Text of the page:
How would the government use the money to build houses? If it gave it directly or as guarantees to banks, they would re-start their old game of inflating house prices by their lending (as they are starting to do again, I think) so as to make money by trading securitised bonds again; if they lent directly to buyers who could afford the houses except the well-off or desperate?

    But perhaps at last we are edging towards a sounder policy: direct intervention to build houses and also making funds available to councils for that as well. Since the State can (and does – cf. QE) create money as it wishes it has no need to borrow, does it? The difference is instead of allowing the money it creates to be appropriated for bets on paper price changes, it would be used for real direct investment: and why just houses? Don’t we need power-stations, coalmines (for clean-burn), railway construction, flood prevention, roads? Research into thorium power, new drugs, free education, apprenticeships? Our own national-run unsubverted SWIFT system, a revived national Giro? Why so timid|?

  • For what its worth why does the bank of england not spend its QE on direct house building and cut out the middle man. Far more use than the process up to now and would actually generate real job which are needed, create real homes whoch are needed and stop us from heading towards another house price bubble which we dont need, the bank could earn some real return on these. Even more interesting what is to stop the Bank of England from writing off the debts of £375 bn totally?

  • david thorpe 1st Jun '13 - 2:56pm

    @ tony it may well be that the BofE writes the debts off but that would have to be recorded as a lossto that sum in their accounts-and Im not sure they can do that

    as for the other bit-its not the debt that will push up rates its the fact that they stop buying any more bonds that will push up rates

    also the bank iof england cant be a house builder-why should it-the government can though-

  • david thorpe 1st Jun '13 - 3:19pm

    @ micheal

    the government should build council houses-thus taking people off the waiting lists-this also means the governments bill for housing benefit-where they pay to private landlords the rents of people on the waiting list-goes down-making the house building programme closer to self financing-whilst at the same time-driving private rents down as supply increases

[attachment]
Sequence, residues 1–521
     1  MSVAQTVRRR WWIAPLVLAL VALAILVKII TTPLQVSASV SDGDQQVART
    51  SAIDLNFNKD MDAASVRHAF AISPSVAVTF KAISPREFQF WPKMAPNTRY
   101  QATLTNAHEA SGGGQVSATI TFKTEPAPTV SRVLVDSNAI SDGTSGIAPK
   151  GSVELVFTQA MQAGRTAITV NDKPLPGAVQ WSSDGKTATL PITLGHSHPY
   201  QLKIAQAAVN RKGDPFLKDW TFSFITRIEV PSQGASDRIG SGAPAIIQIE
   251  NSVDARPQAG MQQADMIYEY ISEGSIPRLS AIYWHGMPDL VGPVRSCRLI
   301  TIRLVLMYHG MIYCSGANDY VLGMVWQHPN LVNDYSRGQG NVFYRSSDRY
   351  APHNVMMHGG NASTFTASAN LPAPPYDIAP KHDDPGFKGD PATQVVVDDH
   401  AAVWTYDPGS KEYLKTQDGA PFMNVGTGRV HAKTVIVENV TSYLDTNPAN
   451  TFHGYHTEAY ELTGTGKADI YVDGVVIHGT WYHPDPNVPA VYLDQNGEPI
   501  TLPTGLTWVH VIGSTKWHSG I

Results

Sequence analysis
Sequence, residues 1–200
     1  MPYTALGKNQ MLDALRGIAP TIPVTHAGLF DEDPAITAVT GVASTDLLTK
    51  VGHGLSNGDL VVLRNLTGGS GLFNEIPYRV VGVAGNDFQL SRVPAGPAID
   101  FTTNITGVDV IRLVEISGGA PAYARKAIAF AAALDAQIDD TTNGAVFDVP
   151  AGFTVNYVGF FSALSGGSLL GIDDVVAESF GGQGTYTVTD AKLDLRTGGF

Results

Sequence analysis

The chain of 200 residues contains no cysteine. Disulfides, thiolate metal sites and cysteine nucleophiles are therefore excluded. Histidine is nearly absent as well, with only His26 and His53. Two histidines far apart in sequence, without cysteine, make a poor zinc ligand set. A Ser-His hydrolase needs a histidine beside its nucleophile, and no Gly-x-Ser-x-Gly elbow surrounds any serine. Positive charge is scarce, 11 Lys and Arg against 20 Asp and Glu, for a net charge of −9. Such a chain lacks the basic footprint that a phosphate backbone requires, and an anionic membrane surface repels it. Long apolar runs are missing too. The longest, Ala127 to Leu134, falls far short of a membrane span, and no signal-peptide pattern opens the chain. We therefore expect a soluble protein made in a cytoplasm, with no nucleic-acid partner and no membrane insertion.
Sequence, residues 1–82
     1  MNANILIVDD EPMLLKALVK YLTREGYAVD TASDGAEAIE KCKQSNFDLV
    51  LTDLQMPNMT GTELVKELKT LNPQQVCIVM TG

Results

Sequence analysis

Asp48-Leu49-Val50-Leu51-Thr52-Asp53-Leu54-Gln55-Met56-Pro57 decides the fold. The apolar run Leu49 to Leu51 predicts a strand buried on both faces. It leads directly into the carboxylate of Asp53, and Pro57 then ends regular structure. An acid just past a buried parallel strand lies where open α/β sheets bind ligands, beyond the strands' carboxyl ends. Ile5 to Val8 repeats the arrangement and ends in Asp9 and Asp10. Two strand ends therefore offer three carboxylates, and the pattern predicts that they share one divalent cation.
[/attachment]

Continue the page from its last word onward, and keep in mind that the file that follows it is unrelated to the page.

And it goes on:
• @David this feels a bit like the emperor has no clothes. I don’t know whether this has to be recorded as a loss or not but so what it’s not real money it is created money. Who says the bank of England cannot be a house builder or perhaps to be more clear a house owner having comissioned the building of 100,000 houses or more. The current situation is fairly unprecedented so why stick to precedent

  • david thorpe 1st Jun '13 - 6:15pm

    @ tony

    the bank files accounts like other institutions-and at present it has listed in those accounts the assets to the value of the gilts it holds-it cant just dissapear

  • @david and where did those assets come from? they were created out of thin air at the click of a mouse or rather the money to buy them was? technically that should not be possible either! but there they are and removing them would not make the world implode in my opinion. I still beleive the Bof E could put money into housebuilding but of course a downward trend in house prices would have political consequences even if (and I beleive it is ) it was the best thing in the long run for the country as a whole (and I speak as a house owner)

  • david thorpe 1st Jun '13 - 9:31pm

    the money to buy them was created out of thin air-but it exists on the Bnak of Englands books-also what the bought with the money was gilts-which exist the same as property Im not sure how they could be vanished in a way which wouldnt cause other holders of gilts to panic-

    I actualyl agree with you that house building should commence-but the bank of england have enough to do without becoming a property company

  • david thorpe 1st Jun '13 - 10:12pm

    @ michael parsons

    the government doersnt creat money-the bank of engalnd does-and creating too much of it is massively inflaitonary….

  • Michael Parsons 2nd Jun '13 - 10:28am

    @ david thorpe

    That’s like saying it is not the engine that makes a car go but the wheels!
    As to inflation, it depends what the destination of the money is: put into the creation if real (not financial) assets it provokes growth. At the same time the currently unlimited power of the bank system to inflate the money supply that results would need to be brought back under control, as it always was in the past by the numerous methods available to the State. And the promotion of savings bonds, disintermediation of lending by arrangements for direct contact between lenders and borrowers thus by-passing the wretched bankers, and exchange and import controls carefully planned to localise the demand for and so the benefits of the expansion programme need to be implemented by a system of transparency. There is little point in getting ourselves into foreign balance of payments difficulties by buying houses and power stations from abroad, for example, except as a carefully controlled training process for our own industry; a point carefully avoided by the present calls for spending on infrastructure, you will note:.promoted as they often are by those who profiteer from global transport and cheap labour systems, not to mention corrupt kick-backs that cushion an MP’ working day!